Twitter's new photo preview feature divides users

By Paul Harper

Twitter announced new changes to the platform today. Photo / Twitter
Twitter announced new changes to the platform today. Photo / Twitter

Twitter says its new changes aim to make the social media platform "more visual and engaging", but not all users are impressed.

The changes - rolled out today - allow for previews of images or Vine videos in tweets to appear in people's timelines, where previously they showed as simple links.

"So many of the great moments you share on Twitter are made even better with photos or with videos from Vine. These rich tweets can bring your followers closer to what's happening, and make them feel like they are right there with you," Twitter's Michael Sippey explained on their blog.

"We want to make it easier for everyone to experience those moments on Twitter. That's why starting today, timelines on Twitter will be more visual and more engaging: previews of Twitter photos and videos from Vine will be front and center in Tweets. To see more of the photo or play the video, just tap."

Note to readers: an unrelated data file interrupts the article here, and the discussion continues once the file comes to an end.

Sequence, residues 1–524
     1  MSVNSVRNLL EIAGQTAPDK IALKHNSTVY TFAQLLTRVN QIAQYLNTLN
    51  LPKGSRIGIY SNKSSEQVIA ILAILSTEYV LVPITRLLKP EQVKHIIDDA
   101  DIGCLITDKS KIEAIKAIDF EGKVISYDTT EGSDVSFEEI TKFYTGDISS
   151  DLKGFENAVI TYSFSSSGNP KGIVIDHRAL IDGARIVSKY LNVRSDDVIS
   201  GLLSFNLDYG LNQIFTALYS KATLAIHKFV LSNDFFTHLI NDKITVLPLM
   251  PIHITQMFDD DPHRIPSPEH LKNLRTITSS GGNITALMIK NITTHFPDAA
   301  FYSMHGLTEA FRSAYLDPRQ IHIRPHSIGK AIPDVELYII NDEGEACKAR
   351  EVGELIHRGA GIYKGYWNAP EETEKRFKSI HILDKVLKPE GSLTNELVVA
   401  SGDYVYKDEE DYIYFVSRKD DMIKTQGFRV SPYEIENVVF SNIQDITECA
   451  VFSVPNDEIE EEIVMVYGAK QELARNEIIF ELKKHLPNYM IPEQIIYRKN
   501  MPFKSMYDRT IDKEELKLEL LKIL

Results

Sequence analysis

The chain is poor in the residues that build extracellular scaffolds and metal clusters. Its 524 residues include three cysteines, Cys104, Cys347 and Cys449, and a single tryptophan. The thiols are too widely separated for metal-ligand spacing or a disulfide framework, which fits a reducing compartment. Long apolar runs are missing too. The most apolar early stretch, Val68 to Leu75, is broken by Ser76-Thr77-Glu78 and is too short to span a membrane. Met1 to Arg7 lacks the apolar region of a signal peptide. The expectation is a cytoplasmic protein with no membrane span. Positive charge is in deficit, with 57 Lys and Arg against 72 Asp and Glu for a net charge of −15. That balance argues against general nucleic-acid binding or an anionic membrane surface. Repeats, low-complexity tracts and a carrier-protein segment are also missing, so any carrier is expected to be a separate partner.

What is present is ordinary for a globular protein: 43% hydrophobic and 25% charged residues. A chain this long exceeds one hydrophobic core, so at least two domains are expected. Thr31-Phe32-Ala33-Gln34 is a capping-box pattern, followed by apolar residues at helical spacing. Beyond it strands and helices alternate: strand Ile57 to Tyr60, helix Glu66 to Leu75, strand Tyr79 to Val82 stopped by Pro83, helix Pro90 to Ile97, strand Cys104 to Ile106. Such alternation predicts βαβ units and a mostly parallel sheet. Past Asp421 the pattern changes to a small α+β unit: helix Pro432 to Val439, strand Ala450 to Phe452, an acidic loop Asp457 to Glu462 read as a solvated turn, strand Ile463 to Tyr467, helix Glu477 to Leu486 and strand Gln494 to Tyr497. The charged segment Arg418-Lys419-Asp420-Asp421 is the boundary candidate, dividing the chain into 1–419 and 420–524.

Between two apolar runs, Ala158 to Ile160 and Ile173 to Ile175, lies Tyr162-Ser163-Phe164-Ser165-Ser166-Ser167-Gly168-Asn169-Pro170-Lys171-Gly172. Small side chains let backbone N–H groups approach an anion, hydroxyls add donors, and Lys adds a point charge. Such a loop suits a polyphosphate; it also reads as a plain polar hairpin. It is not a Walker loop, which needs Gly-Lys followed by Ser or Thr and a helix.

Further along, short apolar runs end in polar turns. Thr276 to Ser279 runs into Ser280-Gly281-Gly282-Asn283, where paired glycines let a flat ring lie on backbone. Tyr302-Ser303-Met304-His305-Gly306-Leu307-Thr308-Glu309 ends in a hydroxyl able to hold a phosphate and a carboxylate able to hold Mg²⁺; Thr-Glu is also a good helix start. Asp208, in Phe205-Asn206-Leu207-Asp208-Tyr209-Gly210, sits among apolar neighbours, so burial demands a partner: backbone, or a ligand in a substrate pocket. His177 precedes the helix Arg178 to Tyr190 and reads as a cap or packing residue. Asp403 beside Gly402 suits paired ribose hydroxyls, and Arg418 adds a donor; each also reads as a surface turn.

The update can be seen on both the Android and iPhone apps, and on Twitter.com.

Response from users has been mixed since the update took effect:






Others complained the preview inclusion was distracting:









The update is the second in recent months to divide users.

In August, Twitter rolled out a feature which linked conversations with a thin line (blue, for most users) joining up to three tweets together in chronological order. In order to see the full conversation, users have to tap on the first tweet.

Both recent changes made by Twitter make the user's feed similar in appearance to that of social networking rival Facebook.


I'm not a fan of the thin blue line, because as someone who regularly looks at Twitter throughout the day it means the same conversations appear over and over again. While I found the new preview feature initially promising, it soon grated, as the same images now appear repeatedly on my timeline. Like Facebook, you're now likely to have your timeline spammed which whatever image is going viral at the time. Enjoy.

Perhaps Twitter could placate disgruntled users by simply offering an option to turn these features off.

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